National Air & Space Museum and Museum Conservation Institute have teamed up to characterize and assess the history and stability of early 20th-century aviation plastics, beginning with a novel, non-invasive study of goggles, helmets, and airplane windows.
In 1903, the Wright brothers made their first powered flight at Kitty Hawk in an open architecture aircraft. By 1910, pilots were given some protection from the slipstream and elements by covering the aircraft’s skeletal frame with fabric and leaving an opening on top for the pilot’s head and shoulders. These early cockpits, as they would become known, were located behind the engine, and the pilot was pelted with wind, rain, ice, engine oil, and the occasional, unfortunate bird that happened into the propeller. All threatened the pilot’s ability to see and maneuver the plane. Goggles and small windshields were a first line of defense, provided they did not fail. As flying became more common, ambitious pilots were expected to fly ever higher and faster and year round. This brought the need to enclose aircraft while at the same time see out of them. Reliance on eyewear as a first line of protection gave way to protection of the entire cockpit. This period of aviation happened to coincide with the development of water-clear transparent plastic sheets that were lighter than glass, more flexible, easier to shape, and less likely to shatter on impact. Aviation soon became a target market for these plastics and a test bed for new materials that would have far reaching implications for other industries as well.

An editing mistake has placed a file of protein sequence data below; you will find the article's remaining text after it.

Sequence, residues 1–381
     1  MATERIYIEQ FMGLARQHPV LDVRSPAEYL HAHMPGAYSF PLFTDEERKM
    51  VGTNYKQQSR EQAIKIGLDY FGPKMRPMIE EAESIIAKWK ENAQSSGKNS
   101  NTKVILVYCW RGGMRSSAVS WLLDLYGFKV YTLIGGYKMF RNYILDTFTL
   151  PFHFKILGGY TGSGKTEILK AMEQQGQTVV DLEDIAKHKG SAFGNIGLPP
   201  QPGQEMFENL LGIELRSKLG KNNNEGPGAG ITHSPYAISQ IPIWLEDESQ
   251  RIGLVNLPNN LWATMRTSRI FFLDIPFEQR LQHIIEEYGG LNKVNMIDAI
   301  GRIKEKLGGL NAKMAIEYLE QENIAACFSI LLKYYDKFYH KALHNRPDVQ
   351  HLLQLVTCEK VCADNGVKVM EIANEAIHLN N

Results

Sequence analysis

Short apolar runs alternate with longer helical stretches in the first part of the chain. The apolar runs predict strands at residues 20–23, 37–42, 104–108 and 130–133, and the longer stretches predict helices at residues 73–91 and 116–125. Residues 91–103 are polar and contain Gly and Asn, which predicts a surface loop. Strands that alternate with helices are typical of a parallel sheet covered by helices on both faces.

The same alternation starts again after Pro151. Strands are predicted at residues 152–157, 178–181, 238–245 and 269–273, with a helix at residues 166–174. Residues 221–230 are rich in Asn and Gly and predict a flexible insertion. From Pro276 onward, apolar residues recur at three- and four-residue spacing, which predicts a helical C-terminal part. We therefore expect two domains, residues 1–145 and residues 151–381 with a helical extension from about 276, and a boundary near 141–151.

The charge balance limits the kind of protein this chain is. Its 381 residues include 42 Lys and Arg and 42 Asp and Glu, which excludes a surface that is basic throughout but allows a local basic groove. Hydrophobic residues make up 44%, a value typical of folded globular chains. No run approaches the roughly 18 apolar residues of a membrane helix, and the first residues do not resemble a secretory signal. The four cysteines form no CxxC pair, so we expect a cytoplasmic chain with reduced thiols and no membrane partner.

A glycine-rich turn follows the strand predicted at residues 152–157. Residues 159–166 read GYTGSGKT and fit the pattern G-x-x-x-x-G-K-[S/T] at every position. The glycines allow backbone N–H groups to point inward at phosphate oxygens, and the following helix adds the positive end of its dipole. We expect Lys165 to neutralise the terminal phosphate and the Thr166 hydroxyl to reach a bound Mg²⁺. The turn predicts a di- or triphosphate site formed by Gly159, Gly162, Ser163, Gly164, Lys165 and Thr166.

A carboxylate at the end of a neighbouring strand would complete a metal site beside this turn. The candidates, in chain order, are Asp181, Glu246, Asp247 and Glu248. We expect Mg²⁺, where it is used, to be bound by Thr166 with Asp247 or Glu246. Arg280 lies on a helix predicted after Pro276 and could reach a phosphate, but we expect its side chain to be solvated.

Where else but the Smithsonian could you find a complete timeline of airplanes and headgear to study? This project leverages the world’s largest air and space collection as evidence of the materials and technologies used to create plastic window in the early-20th century. The survey will rely heavily on Raman spectroscopy, an analytical technique that is ideal for identifying polymers and 3-dimensional plastic materials. Recent innovations in photonics have made possible portable Raman spectrometers that weigh only a few pounds. This is a boon for air and space collections, where most artifacts are too large to be brought to the laboratory. The Smithsonian study will improve our ability to identify plastic compositions, which is a key step in preserving both this history and the artifacts with which we are entrusted.